Showing posts from February, 2016

The Origin And Evolution of Human Societies

The Origin And Evolution of Human Societies We are living in the economic system known as capitalism. It is not eternal. There have been other socio-economic systems before it which we will consider as this article proceeds, and it will not be the last. The point is that societies as well as human beings, evolve. However, the evolution of society, while it is bound up with the evolution of man, is not identical with it. The Darwinist theory of evolution concerns the physical development of different aspects of nature: plants, animals and all the multifarious forms of organic life, including man. Darwinism regards man as part of the animal kingdom descended from a precursor type of ape, beginning something over five million years ago. Early forms of human beings, known as hominids, have left behind fossil evidence that appears on the scene up to perhaps three million years ago. But modern man, homo sapiens, evolved from hominid ancestors somewhere between 100,000 and 150,000 year

Great African Kingdoms Before the Coming of Europeans

Some Great African Empires Before the Coming of Europeans While Europe was experiencing its Dark Ages, a period of intellectual, cultural and economic regression from the sixth to the 13th centuries, Africans on the other hand were experiencing an almost continent-wide renaissance after the decline of the Nile Valley civilizations of Egypt and Nubia. The leading civilizations of this African rebirth were the Axum Empire, the Kingdom of Ghana, the Mali Empire, the Songhai Empire, the Ethiopian Empire, the Mossi Kingdoms and the Benin Empire. Axum Empire The Aksum or Axum Empire was an important military power and trading nation in the area that is now Eritrea and northern Ethiopia, existing from approximately 100 to 940 A.D. At its height, it was one of only four major international superpowers of its day along with Persia, Rome and China. Axum controlled northern Ethiopia, Eritrea, northern Sudan, southern Egypt, Djibouti, Western Yemen, and southern Saudi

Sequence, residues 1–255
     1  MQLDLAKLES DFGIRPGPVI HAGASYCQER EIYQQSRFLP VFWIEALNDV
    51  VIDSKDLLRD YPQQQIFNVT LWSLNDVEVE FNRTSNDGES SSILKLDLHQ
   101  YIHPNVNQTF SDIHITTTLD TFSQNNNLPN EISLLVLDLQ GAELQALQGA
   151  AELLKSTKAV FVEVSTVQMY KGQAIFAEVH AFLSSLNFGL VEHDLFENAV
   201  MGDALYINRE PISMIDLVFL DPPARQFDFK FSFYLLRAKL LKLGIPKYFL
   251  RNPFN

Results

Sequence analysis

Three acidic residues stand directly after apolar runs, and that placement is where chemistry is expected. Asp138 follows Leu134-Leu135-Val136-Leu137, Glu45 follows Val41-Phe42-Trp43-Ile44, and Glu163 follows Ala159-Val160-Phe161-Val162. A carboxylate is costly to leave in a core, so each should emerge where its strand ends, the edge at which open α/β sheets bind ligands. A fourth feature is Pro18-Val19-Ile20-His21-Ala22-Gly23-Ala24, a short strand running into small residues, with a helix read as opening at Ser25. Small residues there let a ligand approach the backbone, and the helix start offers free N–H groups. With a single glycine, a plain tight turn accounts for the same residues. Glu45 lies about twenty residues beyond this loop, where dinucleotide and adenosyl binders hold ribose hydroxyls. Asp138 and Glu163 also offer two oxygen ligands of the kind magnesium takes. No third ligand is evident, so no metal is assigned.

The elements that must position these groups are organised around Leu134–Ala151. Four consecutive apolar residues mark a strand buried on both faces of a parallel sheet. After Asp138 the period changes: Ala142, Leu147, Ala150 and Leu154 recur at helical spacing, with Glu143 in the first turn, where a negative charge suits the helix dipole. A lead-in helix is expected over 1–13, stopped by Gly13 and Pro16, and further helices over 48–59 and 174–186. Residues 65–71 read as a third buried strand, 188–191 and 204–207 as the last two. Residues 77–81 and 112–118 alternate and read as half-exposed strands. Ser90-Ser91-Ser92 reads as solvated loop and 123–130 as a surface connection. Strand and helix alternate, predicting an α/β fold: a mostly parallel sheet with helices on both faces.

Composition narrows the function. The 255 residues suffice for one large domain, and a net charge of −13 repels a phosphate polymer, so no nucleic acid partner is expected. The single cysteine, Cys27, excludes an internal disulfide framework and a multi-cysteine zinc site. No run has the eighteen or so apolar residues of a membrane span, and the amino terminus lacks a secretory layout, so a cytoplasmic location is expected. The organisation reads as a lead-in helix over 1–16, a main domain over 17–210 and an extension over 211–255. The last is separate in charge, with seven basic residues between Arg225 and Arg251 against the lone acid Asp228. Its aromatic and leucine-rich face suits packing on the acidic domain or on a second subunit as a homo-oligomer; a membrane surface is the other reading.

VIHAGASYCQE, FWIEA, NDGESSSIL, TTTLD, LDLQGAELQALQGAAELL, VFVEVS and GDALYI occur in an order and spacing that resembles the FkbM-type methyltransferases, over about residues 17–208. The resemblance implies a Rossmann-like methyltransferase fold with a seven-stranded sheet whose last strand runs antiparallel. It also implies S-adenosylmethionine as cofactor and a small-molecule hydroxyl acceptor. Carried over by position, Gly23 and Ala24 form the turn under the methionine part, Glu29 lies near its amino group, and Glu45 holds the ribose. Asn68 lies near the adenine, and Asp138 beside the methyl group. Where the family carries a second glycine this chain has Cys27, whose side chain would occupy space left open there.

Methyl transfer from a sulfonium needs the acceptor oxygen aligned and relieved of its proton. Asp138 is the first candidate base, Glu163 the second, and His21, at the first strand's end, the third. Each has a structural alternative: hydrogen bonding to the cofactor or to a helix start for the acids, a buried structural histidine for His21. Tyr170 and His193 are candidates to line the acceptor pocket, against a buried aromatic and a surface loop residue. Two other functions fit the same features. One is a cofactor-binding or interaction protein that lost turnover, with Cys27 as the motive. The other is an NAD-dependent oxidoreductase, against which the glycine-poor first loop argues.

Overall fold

A Short History of British Involvement in Slavery

A Short History of British Involvement in Slavery By Marika Sherwood British involvement in slavery is over 2,000 years old, but not in what is now the accepted perspective. Cicero noted in about 54 BC that the 'British' enslaved by Julius Caesar 'were too ignorant to fetch fancy prices in the market'. The enslavement of the people of this outpost of the Roman Empire continued for hundreds of years as we know that Pope Gregory spoke with some British slaves in the slave market in Rome in the seventh century AD. Domestic slavery usually called 'serfdom' also existed in Britain: serfs were bought and sold with the estate on which they had to work for a fixed number of days a year without payment; they could only marry with their lord's consent, could not leave the estate and had few legal rights. However, as they could not be easily replaced, they were not as physically abused as enslaved Africans a few centuries later. The institution of serfdom was